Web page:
“The Valour and the Horror” Sunday, November 5, 2023

Sermon Preached at Stouffville United Church
Rev. Capt. John Niles

Music by Daniel Mehdizadeh
Guest Trumpeter – Sloan Tompkins

Joshua 5:13-6:5

An elderly man rear-ended a guy driving an expensive sports car. Enraged, the guy hops out and confronts the elderly man. “Look what you did to my car” he yells.

“You’re going to give me $10,000 right now or I’m going to beat you to a pulp!” “Oh my” says the old man, “I don’t have that kind of money. Let me call my son, he trains dolphins and he will know what to do. “Dolphins” the other driver huffs, while rolling his eyes. The old man pulls out his phone, dials his son and just as his son answered, the irate man snatches the phone away from the old man.
“So, YOU’RE a dolphin trainer, huh? Well, your old man here just rear-ended my car and I need 10 grand right now or I’m going to beat you AND your old man to a pulp.”
“I’ll be there in 10 minutes,” says the voice calmly on the other end.
Exactly 10 minutes later a Jeep pulls up and a guy hops out and proceeds to pulverize the bully, leaving him in a heap on the side of the road.
When he finished, he walked over to his father and said…. “For the last time dad, I train Seals, Navy Seals….
We see what has continued around the world the hatred violence, war we are also reminded that justice, peace and security always come with a price. And on this Remembrance Day we remember those who paid and pay that price; who experience the valour and the horror of war and who fought for the very freedoms that we so often take for granted. Who risked life and limb and who left the comfort of home and hearth and some of whom never returned.
We owe a great debt to those who served and serve. For as someone wrote:

It was not the preacher that gave us freedom of speech. It was the VETERAN
It was not the campus organizer that gave us the freedom of assembly.
It was the VETERAN
It was not the lawyer who has given us the right to a fair trial. It was the VETERAN.


The valour and horror of war always involve as cause. “Now when Joshua was near Jericho, he looked up and saw a man standing in front of him with a drawn sword in his hand. (Joshua 5:13-14) Joshua wanted an Israel to again be a place of safety for his people; place of security free from tyranny and slavery. His was a cause worth fighting for. Throughout time, there have always been moments that have defined us as a people and a nation; moments, in which the cause was so great and the danger so dire that we were moved to take courage and act. On May 10, 1940, Winston Churchill became Prime Minister. When he met his Cabinet on May 13 he told them that “I have nothing to offer but blood, toil, tears and sweat.” He knew the cause and said, “…we shall fight on the seas and oceans, we shall fight with growing confidence and growing strength in the air, we shall defend our Island, whatever the cost may be, we shall fight on the beaches, we shall fight on the landing grounds, we shall fight in the fields and in the streets, we shall fight in the hills; we shall never surrender.” He did so because there are always causes worth fighting for. When Alexander Solzhenitzen received his Nobel Peace prize he said in his acceptance speech; “Governments love darkness because the deeds are evil.” Darkness allows us to deal in lies. “And what do you do when the lie is in the world?” He said, “Let the lie come to the world – it may even be triumphant – it may over take the world, but not through me! For one word of true outweighs the world” What is the truth? It is that there are causes worth fighting for.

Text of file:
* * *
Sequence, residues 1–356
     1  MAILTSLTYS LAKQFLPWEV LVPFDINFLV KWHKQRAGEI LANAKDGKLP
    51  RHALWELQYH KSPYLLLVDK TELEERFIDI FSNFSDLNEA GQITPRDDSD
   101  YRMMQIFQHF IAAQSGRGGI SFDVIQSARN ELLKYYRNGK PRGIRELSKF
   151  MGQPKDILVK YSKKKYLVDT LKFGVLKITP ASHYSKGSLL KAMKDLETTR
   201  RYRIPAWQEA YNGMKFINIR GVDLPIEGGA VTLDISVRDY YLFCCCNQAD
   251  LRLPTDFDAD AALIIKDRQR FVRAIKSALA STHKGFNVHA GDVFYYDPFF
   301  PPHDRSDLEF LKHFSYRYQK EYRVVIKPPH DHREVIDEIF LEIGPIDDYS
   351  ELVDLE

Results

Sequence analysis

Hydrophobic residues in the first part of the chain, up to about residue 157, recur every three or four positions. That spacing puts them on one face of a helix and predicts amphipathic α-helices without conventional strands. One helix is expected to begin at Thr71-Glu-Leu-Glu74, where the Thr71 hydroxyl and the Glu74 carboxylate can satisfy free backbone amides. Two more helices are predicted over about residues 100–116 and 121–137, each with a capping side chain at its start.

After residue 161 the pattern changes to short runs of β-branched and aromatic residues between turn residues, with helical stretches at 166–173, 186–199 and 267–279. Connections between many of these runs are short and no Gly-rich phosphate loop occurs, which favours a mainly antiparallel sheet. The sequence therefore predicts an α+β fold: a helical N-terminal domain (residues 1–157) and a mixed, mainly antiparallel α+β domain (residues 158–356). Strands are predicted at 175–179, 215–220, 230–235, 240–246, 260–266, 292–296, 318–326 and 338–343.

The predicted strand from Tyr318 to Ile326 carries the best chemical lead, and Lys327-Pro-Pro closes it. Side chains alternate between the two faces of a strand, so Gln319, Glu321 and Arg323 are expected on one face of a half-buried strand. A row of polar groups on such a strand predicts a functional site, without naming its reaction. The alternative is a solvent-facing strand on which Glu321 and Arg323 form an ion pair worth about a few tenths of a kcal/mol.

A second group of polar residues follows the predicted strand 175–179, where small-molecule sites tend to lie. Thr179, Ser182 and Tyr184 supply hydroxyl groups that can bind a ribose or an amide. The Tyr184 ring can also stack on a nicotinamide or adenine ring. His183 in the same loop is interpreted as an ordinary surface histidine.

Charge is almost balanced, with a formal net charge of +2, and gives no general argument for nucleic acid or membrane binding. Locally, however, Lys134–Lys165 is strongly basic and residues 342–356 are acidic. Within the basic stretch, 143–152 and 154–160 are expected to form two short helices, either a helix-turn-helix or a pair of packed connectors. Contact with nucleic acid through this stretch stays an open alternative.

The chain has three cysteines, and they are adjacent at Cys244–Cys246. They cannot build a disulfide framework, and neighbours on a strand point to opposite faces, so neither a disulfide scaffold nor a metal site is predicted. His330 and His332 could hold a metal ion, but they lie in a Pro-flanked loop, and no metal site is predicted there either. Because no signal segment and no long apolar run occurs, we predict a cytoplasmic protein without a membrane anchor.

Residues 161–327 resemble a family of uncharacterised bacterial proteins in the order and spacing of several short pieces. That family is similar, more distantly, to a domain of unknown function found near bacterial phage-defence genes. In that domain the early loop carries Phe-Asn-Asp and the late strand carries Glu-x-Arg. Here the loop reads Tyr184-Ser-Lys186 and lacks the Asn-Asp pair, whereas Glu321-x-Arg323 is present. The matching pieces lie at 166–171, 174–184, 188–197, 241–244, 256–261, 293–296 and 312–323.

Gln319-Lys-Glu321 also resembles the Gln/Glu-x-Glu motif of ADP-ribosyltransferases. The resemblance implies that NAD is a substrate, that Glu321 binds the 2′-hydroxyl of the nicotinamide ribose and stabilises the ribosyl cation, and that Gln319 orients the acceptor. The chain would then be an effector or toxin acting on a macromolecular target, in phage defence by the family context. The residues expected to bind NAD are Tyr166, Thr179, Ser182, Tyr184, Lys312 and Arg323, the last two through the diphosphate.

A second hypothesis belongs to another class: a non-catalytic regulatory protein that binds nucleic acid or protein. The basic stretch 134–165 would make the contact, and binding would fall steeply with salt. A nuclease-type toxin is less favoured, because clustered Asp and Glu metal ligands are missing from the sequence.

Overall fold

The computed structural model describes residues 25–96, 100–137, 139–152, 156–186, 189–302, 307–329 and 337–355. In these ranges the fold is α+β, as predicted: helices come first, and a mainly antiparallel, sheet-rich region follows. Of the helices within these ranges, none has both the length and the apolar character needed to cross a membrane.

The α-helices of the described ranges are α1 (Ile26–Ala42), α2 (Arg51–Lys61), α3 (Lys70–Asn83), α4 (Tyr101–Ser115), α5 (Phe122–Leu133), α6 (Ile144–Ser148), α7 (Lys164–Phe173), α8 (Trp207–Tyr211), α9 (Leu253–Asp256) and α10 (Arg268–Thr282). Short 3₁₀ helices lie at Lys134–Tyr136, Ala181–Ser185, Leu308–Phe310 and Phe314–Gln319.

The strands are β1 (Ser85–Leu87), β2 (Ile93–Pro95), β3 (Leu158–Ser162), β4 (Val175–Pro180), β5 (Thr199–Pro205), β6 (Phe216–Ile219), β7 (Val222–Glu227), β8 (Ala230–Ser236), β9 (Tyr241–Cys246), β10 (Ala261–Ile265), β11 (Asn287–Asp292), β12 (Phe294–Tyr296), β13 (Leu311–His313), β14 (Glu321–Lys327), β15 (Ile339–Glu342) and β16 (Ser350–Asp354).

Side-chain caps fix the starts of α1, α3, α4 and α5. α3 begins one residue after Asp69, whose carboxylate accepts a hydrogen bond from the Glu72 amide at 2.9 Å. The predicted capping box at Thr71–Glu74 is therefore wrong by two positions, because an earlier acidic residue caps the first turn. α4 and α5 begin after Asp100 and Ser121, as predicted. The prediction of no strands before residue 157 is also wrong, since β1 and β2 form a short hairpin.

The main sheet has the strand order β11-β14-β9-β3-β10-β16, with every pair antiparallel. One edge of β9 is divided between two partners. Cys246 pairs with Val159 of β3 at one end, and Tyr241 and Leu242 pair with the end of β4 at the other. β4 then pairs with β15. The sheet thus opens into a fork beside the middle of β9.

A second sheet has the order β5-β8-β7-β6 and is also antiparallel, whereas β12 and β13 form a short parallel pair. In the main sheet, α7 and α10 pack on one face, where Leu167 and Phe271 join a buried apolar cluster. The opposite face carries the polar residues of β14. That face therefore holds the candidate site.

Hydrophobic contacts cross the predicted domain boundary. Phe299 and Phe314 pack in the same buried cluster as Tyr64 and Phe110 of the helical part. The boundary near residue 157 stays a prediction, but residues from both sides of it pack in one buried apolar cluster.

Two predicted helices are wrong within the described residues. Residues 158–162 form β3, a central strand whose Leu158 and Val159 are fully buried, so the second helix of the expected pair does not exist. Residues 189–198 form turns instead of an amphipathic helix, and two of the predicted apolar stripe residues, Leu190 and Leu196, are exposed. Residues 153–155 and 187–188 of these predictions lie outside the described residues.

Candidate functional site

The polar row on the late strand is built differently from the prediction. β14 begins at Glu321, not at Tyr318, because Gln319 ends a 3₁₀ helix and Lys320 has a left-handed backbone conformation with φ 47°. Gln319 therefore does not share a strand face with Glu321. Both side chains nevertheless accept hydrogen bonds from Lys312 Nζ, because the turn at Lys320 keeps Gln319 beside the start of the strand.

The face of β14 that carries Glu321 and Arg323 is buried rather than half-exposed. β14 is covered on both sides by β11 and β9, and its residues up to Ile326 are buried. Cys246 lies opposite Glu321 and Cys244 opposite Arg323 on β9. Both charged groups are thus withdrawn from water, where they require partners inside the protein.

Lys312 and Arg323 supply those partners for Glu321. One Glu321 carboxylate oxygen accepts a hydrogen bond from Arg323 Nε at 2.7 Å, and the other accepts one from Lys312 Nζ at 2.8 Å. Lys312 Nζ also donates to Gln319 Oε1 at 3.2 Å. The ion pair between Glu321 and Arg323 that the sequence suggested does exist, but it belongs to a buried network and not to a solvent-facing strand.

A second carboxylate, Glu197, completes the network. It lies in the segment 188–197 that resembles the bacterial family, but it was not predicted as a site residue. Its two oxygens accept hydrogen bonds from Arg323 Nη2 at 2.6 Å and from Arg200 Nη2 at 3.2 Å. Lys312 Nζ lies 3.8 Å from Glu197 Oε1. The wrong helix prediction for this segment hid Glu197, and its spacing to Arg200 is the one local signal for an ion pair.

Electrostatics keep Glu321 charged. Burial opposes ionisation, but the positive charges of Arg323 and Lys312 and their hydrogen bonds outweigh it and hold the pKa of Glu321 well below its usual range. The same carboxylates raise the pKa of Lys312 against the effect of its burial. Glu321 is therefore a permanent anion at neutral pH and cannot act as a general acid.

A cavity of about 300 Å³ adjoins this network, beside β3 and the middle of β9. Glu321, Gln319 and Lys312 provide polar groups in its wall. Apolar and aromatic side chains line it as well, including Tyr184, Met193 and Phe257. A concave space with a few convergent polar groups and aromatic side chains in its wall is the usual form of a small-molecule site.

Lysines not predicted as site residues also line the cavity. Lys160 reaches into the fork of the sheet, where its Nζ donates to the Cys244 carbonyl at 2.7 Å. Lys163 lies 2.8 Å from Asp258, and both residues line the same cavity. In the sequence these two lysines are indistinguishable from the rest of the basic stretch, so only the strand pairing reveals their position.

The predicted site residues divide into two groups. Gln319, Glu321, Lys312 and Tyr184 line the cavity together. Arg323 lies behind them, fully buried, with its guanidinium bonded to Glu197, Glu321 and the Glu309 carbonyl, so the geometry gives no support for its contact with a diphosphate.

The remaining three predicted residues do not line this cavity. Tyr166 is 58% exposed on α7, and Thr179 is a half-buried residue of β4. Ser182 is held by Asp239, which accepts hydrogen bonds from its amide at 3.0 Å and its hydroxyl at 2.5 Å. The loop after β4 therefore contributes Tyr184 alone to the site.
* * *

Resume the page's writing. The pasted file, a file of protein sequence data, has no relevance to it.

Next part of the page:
The valour and horror of war always involve a cause worth fighting for, which demand courage. “Then the LORD said to Joshua, “See, I have delivered Jericho into your hands, along with its king and its fighting men.” (Joshua 6:2) I remember a member of my military unit tell me that “When I came back to the Afghanistan, I stayed with my parents for a 30-day leave. Mom’s rules were simple: I could come and go as I pleased, but I must let her know when I returned home each night. After one long evening with friends, I crept into the house and didn’t knock on Mom’s door. Late the next morning when I came down to breakfast, she glared at me with icy silence. ‘Look, Mom,’ I said, ‘I’m sorry I didn’t tell you I got home safely last night, but what did you do all the time I was in Afghanistan’ ‘Well,’ she replied, ‘at least then I knew where you were!’”